Passing the ball is more exciting to the viewing audience than running the ball. The same paradigm shift was also true with baseball. The early days of the game were those of hard-hit singles and doubles, which necessitated a strong infield and cooperation between players. When players like Babe Ruth started hitting home runs instead, the audience was thrilled by the change, and the entire strategy of the game quickly became very different.

In men’s soccer, particularly at its most competitive levels, players often fake injuries to draw penalties. This is less prevalent in women’s soccer and may simply be an aspect of hyper-competitiveness. Wealth is a powerful incentive. Men draw much larger salaries and can compete for longer in their lives. The pay for women’s sports is much lower and as a result, women can’t afford to subsist on it. Women’s players tend to be much younger and have much shorter careers. In men’s sports, it’s possible to follow the progress of a favorite player for years. This is not always the case with women’s sports.

Ultimately, to greater parity, fans will have to change a little and the game will need to be modified, too. There may be no way to preserve the purity that exists when big money does not infiltrate sports. To obtain gender equality within sports, one might have to make a Faustian bargain or two. Instead of asking Why can’t women’s sports be more like men’s sports, I might pose something else entirely. Why would you want them to be?


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  1. the sport (often to any sport or exercise at all) more often by coaches / schools/ formal settings, than from street play in the neighborhood, therefore they play a more controlled  team oriented game, as opposed to the flashy / more athletic / and, yes, more creative play found in mens FIFA or NBA, where they were already learned many moves / skills before they ever met a coach.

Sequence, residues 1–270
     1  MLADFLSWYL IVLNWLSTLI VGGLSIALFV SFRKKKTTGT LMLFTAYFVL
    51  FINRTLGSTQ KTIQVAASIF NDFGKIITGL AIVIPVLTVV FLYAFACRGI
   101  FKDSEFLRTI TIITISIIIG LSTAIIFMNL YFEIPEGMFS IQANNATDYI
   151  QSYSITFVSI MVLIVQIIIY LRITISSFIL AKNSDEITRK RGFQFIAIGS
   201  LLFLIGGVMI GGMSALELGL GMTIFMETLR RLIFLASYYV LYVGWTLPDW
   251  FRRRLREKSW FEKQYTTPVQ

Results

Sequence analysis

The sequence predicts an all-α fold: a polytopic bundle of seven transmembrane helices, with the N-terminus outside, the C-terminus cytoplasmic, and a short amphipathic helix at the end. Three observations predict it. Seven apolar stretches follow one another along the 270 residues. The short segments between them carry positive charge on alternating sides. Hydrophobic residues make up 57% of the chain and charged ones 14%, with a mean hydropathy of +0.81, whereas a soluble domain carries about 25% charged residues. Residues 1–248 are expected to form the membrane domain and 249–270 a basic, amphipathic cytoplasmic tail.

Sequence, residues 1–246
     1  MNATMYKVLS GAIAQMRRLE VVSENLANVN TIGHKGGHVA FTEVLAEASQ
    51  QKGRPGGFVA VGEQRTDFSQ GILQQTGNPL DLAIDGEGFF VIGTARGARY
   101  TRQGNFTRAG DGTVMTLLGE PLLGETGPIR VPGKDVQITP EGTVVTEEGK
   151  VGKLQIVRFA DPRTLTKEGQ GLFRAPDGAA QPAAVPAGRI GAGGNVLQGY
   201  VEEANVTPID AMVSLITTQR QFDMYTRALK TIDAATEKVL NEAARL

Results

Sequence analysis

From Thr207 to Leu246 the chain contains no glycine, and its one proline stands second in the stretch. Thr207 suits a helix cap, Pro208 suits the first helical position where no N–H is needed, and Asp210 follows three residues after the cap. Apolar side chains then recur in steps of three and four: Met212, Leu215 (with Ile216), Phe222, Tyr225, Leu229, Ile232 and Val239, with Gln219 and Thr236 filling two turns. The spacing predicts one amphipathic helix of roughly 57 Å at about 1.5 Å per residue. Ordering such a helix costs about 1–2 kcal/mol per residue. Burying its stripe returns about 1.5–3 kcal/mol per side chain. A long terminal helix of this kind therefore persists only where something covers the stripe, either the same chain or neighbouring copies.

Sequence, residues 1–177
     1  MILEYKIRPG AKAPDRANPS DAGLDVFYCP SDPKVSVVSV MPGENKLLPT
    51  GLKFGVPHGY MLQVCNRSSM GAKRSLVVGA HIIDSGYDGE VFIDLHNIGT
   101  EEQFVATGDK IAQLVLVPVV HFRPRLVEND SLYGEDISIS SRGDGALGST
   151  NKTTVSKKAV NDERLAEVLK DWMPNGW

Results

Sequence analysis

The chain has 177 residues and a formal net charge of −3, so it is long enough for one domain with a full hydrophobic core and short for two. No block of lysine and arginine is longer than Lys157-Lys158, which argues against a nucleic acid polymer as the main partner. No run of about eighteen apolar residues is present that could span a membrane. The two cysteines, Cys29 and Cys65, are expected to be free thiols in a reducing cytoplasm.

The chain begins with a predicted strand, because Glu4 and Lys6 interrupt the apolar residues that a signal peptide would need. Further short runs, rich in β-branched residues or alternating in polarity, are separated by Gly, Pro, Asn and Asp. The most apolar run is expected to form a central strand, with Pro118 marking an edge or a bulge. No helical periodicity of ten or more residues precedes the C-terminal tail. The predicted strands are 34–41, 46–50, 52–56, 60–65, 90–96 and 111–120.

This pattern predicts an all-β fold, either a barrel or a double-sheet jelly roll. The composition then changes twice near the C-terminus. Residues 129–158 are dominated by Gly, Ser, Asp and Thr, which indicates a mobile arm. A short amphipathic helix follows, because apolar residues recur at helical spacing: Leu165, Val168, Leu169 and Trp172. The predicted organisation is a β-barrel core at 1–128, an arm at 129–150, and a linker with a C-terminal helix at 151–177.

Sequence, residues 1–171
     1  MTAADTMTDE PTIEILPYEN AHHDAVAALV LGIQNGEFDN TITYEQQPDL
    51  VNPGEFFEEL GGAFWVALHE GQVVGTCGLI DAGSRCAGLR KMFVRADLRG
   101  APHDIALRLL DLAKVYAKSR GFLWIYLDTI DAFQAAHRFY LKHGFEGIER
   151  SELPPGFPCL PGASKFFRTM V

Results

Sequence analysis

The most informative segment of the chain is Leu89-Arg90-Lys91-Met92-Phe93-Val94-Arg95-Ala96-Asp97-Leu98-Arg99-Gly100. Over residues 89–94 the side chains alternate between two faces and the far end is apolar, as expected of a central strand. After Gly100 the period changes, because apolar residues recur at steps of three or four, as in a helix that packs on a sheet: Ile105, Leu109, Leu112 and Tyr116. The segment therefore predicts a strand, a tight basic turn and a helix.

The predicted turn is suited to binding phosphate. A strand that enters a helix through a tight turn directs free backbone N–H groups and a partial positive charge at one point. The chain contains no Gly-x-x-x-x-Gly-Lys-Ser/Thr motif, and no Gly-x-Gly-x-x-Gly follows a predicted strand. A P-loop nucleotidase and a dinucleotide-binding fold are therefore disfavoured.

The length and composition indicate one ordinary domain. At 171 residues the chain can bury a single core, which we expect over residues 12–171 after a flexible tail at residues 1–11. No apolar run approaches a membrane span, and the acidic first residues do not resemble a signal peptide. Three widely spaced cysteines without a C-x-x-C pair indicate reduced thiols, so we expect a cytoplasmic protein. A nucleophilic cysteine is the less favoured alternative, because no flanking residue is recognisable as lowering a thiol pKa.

If you look at 1950s mens NBA basketball, this was then the case for the men–plodding and coach controlled, rather than individually creative. It would seem very boring to most of us today.  Sports can be individually expressive, but with top down control over the athletes that doesn’t occur as much.

    Of course, this is not so in all sports–see the individual sports like skiing or surfing, even tennis, or the less controlled sports like women’s volleyball.

    (I don’t know about you, but I watch the athletes, not the GMs, or staff, owners, or coaches)

    So, for me at least, I’d say–yes the women’s game’s of football/basketball, etc,  do need to be more like the men’s–less controlled, more innovative.  

  2. Obviously there are some women who are very fanatical.

    I guess maybe someone should do a formal gender study to ask people their feelings about sports.  My expectation would be that women probably don’t care as much about sports as men.  But I would be interested in a gender study to see whether I am right or wrong.

  3. They are produced side-by-side, with roughly the same quality of announcers, and the same quality of play.

    The WNBA, also, ain’t half bad.  I  remember this thing called “girls basketball,” where there was an inside defending ring, an outer offensive ring that passed the ball all day until someone felt like making (and missing) a shot. Now, a woman goes in for a lay-up, she’s going to make the lay-up.  The scores have gone way up, it’s roughly the same game.

    The problem is that the promotion and presentation hasn’t kept pace with the game.